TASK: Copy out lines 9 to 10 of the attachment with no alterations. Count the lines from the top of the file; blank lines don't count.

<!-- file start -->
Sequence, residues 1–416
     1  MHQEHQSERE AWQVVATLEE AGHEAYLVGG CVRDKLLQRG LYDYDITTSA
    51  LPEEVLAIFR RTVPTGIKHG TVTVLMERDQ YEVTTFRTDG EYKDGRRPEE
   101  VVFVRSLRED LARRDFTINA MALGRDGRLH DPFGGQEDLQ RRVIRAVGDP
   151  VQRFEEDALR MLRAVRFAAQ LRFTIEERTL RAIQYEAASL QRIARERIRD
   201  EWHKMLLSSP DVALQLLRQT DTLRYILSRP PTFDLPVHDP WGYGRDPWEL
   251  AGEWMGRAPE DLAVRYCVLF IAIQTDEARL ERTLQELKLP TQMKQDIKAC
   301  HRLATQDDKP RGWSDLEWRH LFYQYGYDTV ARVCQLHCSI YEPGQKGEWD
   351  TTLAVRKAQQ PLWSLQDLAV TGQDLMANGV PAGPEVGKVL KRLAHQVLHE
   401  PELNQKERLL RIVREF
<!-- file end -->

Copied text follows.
   351  TTLAVRKAQQ PLWSLQDLAV TGQDLMANGV PAGPEVGKVL KRLAHQVLHE
   401  PELNQKERLL RIVREF